Maryland Workers’ Compensation Lawyer

All sorts of accidents happen on the job. In Maryland alone, fatal work-related injuries totaled 73 in 2014, according to the U.S. Bureau of Labor Statistics. Out of these 73 fatal on-the-job injuries, 24 were the result of violence and other injuries by animals and persons. Transportation accidents accounted for 29%, and slip and fall incidents accounted for 16% of the state’s workplace fatalities. Every business with more than three employees and with an annual payroll that totals more than $15,000 in Maryland is required to carry workers’ comp insurance to cover on-the-job accidents. This coverage is designed to recover a worker’s financial loss during their period of healing and recovery.

A Maryland workers compensation lawyer from Pinder Plotkin can help if you have been hurt at work but you’re unable to obtain adequate treatment and for your injuries. Our personal injury attorneys will evaluate your case for free and help you obtain the benefits you are entitled to under Maryland workers’ comp laws.

Table of Contents

What Should I Do If I’m Hurt On The Job?

There are specific steps that workers must take following a workplace accident in Maryland, to preserve your workers’ comp claim and increase your chances of obtaining maximum compensation. These steps include:

Notify Your Employer(s)

One essential requirement of workers’ comp claims is to inform your employer of the nature and degree of your illness or injury and how it occurred. So make sure you file a notice of injury with your employer.

Receive Medical Treatment

Injured workers should seek medical treatment immediately after a work injury. Note that your treatment is vital for your recovery, and also for your workers’ compensation claim. Your doctor will provide expert opinion regarding the extent of your injuries. Make sure you attend all doctor appointments and follow the doctor’s instructions.

Document Your Injuries Or Illness And Symptoms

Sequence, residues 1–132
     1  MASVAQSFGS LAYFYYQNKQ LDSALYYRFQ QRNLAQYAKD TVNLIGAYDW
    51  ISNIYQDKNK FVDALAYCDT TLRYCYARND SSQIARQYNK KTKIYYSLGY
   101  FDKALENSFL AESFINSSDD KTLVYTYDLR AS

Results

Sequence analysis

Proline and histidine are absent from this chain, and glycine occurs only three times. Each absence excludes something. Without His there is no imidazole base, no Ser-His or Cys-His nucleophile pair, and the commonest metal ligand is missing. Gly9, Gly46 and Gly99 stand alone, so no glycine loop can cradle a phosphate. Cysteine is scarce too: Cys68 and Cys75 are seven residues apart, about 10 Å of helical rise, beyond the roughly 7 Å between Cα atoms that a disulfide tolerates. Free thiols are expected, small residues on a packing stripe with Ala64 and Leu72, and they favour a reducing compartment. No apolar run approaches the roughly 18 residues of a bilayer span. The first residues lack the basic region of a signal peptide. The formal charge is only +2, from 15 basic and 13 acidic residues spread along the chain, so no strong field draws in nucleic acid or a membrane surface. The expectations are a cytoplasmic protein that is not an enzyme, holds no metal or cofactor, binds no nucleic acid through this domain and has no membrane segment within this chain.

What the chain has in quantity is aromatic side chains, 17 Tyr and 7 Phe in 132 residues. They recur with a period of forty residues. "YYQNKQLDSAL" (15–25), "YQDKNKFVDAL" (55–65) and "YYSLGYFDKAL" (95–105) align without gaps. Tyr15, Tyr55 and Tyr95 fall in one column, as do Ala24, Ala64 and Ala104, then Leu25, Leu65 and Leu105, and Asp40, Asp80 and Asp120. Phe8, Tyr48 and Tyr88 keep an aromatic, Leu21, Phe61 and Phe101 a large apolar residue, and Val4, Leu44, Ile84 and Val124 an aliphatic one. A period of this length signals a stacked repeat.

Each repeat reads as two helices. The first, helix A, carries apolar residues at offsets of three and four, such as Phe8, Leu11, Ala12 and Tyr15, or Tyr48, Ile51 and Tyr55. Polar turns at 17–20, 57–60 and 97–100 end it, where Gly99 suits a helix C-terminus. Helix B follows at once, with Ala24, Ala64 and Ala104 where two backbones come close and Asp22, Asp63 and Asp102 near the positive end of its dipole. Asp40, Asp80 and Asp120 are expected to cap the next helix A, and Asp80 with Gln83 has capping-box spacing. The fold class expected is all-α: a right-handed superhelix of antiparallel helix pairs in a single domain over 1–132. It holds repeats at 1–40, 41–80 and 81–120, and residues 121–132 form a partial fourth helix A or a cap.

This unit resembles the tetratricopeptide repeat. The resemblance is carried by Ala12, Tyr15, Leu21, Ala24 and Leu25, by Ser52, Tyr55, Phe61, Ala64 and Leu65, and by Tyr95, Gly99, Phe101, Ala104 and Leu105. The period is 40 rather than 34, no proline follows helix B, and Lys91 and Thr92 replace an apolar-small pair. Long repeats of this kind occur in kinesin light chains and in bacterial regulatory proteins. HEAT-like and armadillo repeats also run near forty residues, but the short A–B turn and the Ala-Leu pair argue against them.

More often than not, employees have had their workers’ comp claim denied because they failed to document their injuries. Make sure you take pictures of your injuries and obtain medical records related to your injuries or illness.

Keep Track Of Lost Time From Work And Expenses

Make an effort to track and record all expenses, including travel costs related to your injuries. Also, keep track of the dates and hours you missed work while focusing on treatment and recovery. Create both soft and hard copies of every record you save and share copies with your lawyer.

A Maryland workers compensation lawyer reviewing a claim with a client.

File A Workers’ Comp Claim With The Assistance Of An Attorney

Many people assume that filing a notice of injury with the employer is the same thing as filing a workers’ comp claim. However, it’s not! You need to file a formal claim with Maryland’s Workers’ Compensation Commission. An attorney can make sure you file your claim correctly and on time.

Rest And Recuperate

The final step is to rest, follow the doctor’s instructions and recuperate.

How Much Does It Cost To Hire A Maryland Workers Compensation Lawyer?

In the state of Maryland, there’s a strict fee schedule for workers’ compensation cases. A lawyer, by statute, is not allowed to charge a client any fees at the beginning of a workers’ compensation claim. Instead, attorneys are entitled to a certain percentage of the amount awarded to the claimant after compensation is awarded. For workers’ compensation cases, the maximum fee is set at a maximum of 20% of the compensation awarded. This makes hiring a worker’s compensation attorney in Maryland a relative bargain.

What Should I Do If My Workers’ Compensation Claim Is Denied?

One of the most crucial things you can do if your claim for workers’ compensation benefits was denied is to determine why your claim was denied. Some of the reasons why insurance companies may deny workers’ compensation claims include:

  • The employee did not report their illness or injury within the set deadlines
  • Your injury isn’t severe enough
  • You were intoxicated or under the influence
  • Your injury or illness is not related to your job
  • You failed to follow the doctor’s instructions

If your workers’ comp benefits have been denied, you should immediately contact an attorney to assist you with filing an “Issues Form” with the commission that points out your request for a hearing. Your chosen attorney will then represent you at the hearing. Once the hearing is over, the Commissioner will publish an order stating the exact figure owed to you by your employer’s insurance company. If you don’t agree with the order, you can lodge an appeal in the Marlyland Court.

The process of appealing a workers’ compensation claim can be daunting for an injured person, and it would be best to proceed with an experienced workers’ compensation attorney.